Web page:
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Not all two-doors are coupés

A four-door saloon will not automatically become a coupé in two-door guise, and the BMW E30 certainly does not.

Recently I came across it again, this time in a sales advertisement for a BMW 3-series of the E30-generation, the second incarnation of the little Bavarian gem: “BMW 320i Coupé”, the ad said.

In this case the car in question actually seemed like a nice and sound example in original and unspoilt condition, complete down to the factory alloy wheels and equipment. But a coupé it was not, of course: The E30 appeared as a cabriolet, estate and as a saloon – but never as a coupé.

“Look honey, over there’s a real coupé”, he might be saying.

And no, I did not stumble across the ad because I am looking to purchase an E30 anytime soon – the ad just popped up on my computer and begged to be corrected, and I thought I’d better do it now as the first E30s have indeed become real classics – but before the use of the wrong term becomes too widespread.

I missed the opportunity with the “Porsche 924 Targa” issue, and look how that term has become widely accepted. My failure to attend to the matter still haunts me.

Sunroof, not targa.

So here it is, raw and undiluted: A BMW 3-Series E30 with two doors is a saloon (sedan in French, limousine in German), just like its four-door sister model. Yes, even the fashionable, supreme and absolute top of the pops M3-model is not a coupé, but a two-door saloon.

I do, to a certain degree, understand the confusion as even Baur themselves wrote so many wrong things in just a single advertisement for their Baur Cabriolet. But please, that was years ago and we are wiser now.

None of the 3-series cars will be either better or worse for it, of course: All the E30’s are, in my humble opinion, great cars that I have fond memories of back in the Eighties. And I think it is fully deserved that the relatively few (good) remaining examples have long since been recognized youngtimers, and are now heading for safe classic status.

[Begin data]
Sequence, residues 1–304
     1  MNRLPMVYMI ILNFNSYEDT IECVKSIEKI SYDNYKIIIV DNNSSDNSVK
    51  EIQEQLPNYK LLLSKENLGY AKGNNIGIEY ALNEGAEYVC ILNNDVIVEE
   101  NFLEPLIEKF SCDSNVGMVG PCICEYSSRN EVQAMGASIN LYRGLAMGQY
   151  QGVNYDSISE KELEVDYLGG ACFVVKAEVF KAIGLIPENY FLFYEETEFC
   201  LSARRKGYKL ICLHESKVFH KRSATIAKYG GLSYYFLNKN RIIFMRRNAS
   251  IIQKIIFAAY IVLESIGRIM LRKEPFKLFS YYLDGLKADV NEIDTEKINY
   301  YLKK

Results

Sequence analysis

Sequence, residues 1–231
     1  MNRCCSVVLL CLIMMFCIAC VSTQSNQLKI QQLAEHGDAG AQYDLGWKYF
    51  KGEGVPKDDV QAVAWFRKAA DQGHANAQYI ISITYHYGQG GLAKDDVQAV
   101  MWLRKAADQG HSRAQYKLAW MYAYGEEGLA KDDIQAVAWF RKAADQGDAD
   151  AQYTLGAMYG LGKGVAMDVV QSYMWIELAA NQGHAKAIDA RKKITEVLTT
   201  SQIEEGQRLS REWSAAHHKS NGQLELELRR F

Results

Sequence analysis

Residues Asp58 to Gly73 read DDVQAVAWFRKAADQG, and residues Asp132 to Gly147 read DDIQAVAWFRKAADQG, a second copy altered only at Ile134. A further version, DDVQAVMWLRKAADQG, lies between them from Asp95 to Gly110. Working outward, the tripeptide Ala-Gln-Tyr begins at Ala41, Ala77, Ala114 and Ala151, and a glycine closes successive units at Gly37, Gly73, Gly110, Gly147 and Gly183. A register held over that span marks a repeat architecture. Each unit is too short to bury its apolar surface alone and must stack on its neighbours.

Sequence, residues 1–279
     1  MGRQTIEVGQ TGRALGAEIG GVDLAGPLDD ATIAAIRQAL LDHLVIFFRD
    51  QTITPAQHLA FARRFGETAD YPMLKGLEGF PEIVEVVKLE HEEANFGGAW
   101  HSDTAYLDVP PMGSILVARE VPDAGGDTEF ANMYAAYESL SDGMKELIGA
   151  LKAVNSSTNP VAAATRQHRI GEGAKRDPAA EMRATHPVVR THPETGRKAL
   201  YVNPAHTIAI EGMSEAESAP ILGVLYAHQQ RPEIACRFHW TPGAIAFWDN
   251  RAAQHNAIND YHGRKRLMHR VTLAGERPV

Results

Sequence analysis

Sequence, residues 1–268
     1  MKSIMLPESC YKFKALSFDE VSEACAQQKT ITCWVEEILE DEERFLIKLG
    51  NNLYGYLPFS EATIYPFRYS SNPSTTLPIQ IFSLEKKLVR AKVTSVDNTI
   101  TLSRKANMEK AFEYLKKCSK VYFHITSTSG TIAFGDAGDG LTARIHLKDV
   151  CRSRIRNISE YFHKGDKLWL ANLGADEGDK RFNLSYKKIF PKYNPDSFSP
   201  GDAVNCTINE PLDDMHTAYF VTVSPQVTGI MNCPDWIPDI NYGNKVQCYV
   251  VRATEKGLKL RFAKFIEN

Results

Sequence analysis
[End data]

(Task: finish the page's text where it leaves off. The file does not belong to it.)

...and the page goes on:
Nevertheless, it was the same Baur who built the only (to the best of my knowledge) true E30 coupe: Four cars were built late in the E30’s life, and even here you can very well contest just how much coupé they really managed to get out of that project.

Only with the successor E36 3-series did BMW themselves produce a coupé variant: Here they had worked with the overall proportions according to the traditional interpretation (and the proper meaning – “coupé”, shortened / condensed) of the coupé concept.

I personally think I prefer the estate variant of the E30-theme, but the choice is somewhat dependant on my mood on the given day – and actually I like them all. Even though there is no coupé, which is usually my favorite body type. I – and everyone else – must simply learn to live with it, and that is not even difficult as they are such brilliant cars.

Please do not, however, ever again refer to the two-door E30 as a coupé, thank you. It takes more than a two-door saloon has to offer. Or less, in fact, it we take it literally – less space, practicality, flexibility and so on. This may in fact be exactly why BMW themselves never used the coupé term with the E30.

ViaRETRO bonus information: For those who think I’m completely wrong and that a 2-door E30 is actually a fully fledged coupé, I’ll show another car which should then equally qualify as a coupé:

Volvo’s BMW E30-competitor. Proof that not all two door cars are coupés.

5 Responses

  1. Anders Bilidt

    Mmmmmm… the E30. I must confess that I am a big fan!
    As a daily driver I have thus far owned three different examples… a four door saloon, a 5 door touring, and a 2 door cou… erhm… saloon, of course. ;-)
    Loved all three of them too, but like you Claus, I think my favourite is the touring (or estate). Would love to find another, but that’s not easily done any longer! Most now have galactic mileage, are rather rusty, and have been through some dubious ownerships with a less than ideal approach to maintenance and taste for that matter…

  2. Claus Ebberfeld

    I just can’t forget the bronze (four-door) Eta for sale here in Denmark about a year ago, Anders. Elegantly avoids the matter of the Coupé-discussion, too.

  3. Martin

    I recently saw a 2 door mk2 Cortina for sale described as a coupe. 3 box saloon is what I was always taught.

  4. Anders Bilidt

    Martin, another perfect example of optimistic advertising… ;-)
    But we all know that coupés sell, so I suppose it’s always worth a shot if you have a 2-door three box saloon which you want to sell.

  5. Dave Leadbetter

    Claus, first of all congratulations on including an E30, 2002 and E36 coupe in the photos, basically a snapshot of most of my current fleet!

    You’re right of course, an E30 is not a coupe as it’s too upright, but good to see it getting some ViaRetro love. Maybe I’ll write something about mine when it’s back on the road…


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